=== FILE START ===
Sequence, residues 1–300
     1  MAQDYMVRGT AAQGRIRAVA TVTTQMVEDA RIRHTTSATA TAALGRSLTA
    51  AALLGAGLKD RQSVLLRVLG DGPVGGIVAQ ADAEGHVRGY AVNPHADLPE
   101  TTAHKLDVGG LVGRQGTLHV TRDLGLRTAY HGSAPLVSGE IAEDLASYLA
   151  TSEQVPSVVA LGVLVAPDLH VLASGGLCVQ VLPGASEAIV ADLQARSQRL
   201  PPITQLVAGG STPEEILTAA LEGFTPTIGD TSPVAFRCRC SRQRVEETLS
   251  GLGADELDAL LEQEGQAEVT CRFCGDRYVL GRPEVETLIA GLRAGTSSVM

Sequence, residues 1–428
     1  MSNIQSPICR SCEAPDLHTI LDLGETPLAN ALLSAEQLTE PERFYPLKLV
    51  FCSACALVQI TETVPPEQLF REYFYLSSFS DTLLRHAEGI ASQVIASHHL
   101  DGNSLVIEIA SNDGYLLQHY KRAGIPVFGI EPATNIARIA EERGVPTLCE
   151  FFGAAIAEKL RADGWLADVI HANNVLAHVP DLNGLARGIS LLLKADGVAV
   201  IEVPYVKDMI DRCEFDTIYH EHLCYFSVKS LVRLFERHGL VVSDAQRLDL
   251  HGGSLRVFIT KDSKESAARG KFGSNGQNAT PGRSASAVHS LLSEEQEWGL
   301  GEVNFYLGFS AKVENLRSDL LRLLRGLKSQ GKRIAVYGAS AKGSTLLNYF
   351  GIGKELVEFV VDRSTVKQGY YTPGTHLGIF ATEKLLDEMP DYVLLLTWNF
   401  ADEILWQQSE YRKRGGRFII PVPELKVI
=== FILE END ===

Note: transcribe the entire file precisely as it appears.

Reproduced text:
Sequence, residues 1–300
     1  MAQDYMVRGT AAQGRIRAVA TVTTQMVEDA RIRHTTSATA TAALGRSLTA
    51  AALLGAGLKD RQSVLLRVLG DGPVGGIVAQ ADAEGHVRGY AVNPHADLPE
   101  TTAHKLDVGG LVGRQGTLHV TRDLGLRTAY HGSAPLVSGE IAEDLASYLA
   151  TSEQVPSVVA LGVLVAPDLH VLASGGLCVQ VLPGASEAIV ADLQARSQRL
   201  PPITQLVAGG STPEEILTAA LEGFTPTIGD TSPVAFRCRC SRQRVEETLS
   251  GLGADELDAL LEQEGQAEVT CRFCGDRYVL GRPEVETLIA GLRAGTSSVM

Sequence, residues 1–428
     1  MSNIQSPICR SCEAPDLHTI LDLGETPLAN ALLSAEQLTE PERFYPLKLV
    51  FCSACALVQI TETVPPEQLF REYFYLSSFS DTLLRHAEGI ASQVIASHHL
   101  DGNSLVIEIA SNDGYLLQHY KRAGIPVFGI EPATNIARIA EERGVPTLCE
   151  FFGAAIAEKL RADGWLADVI HANNVLAHVP DLNGLARGIS LLLKADGVAV
   201  IEVPYVKDMI DRCEFDTIYH EHLCYFSVKS LVRLFERHGL VVSDAQRLDL
   251  HGGSLRVFIT KDSKESAARG KFGSNGQNAT PGRSASAVHS LLSEEQEWGL
   301  GEVNFYLGFS AKVENLRSDL LRLLRGLKSQ GKRIAVYGAS AKGSTLLNYF
   351  GIGKELVEFV VDRSTVKQGY YTPGTHLGIF ATEKLLDEMP DYVLLLTWNF
   401  ADEILWQQSE YRKRGGRFII PVPELKVI